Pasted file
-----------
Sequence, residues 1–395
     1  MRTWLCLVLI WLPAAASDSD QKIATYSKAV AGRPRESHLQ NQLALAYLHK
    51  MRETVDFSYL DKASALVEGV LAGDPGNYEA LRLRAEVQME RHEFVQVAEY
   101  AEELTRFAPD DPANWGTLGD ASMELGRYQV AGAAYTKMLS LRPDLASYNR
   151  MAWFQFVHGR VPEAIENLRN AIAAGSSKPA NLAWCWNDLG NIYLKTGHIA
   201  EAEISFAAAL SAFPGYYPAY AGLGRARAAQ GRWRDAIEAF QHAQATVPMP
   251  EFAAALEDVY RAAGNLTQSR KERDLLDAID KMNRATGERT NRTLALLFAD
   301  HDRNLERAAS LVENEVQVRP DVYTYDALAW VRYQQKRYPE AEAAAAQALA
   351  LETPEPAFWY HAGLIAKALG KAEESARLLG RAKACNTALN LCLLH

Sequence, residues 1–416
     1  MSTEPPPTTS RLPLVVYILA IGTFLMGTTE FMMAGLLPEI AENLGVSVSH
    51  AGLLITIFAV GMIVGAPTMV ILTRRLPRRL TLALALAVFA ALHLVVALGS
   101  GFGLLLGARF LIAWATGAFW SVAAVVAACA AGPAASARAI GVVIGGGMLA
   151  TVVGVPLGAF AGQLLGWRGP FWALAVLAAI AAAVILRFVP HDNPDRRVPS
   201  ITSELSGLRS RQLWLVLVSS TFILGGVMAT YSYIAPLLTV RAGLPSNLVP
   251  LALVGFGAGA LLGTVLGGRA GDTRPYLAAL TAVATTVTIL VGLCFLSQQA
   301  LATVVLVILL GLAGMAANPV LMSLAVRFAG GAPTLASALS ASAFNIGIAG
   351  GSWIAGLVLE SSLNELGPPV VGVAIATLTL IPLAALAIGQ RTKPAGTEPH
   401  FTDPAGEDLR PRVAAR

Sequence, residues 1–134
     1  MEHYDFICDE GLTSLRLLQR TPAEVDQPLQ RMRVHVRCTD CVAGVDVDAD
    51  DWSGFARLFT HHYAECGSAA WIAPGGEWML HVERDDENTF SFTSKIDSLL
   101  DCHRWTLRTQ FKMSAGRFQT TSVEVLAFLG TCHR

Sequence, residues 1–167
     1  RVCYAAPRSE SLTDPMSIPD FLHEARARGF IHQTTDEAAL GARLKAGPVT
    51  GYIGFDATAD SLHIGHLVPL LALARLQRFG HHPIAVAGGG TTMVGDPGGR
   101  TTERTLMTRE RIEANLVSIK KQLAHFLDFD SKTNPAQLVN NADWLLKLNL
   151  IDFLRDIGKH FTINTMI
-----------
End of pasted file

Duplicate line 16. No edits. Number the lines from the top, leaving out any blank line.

   251  LALVGFGAGA LLGTVLGGRA GDTRPYLAAL TAVATTVTIL VGLCFLSQQA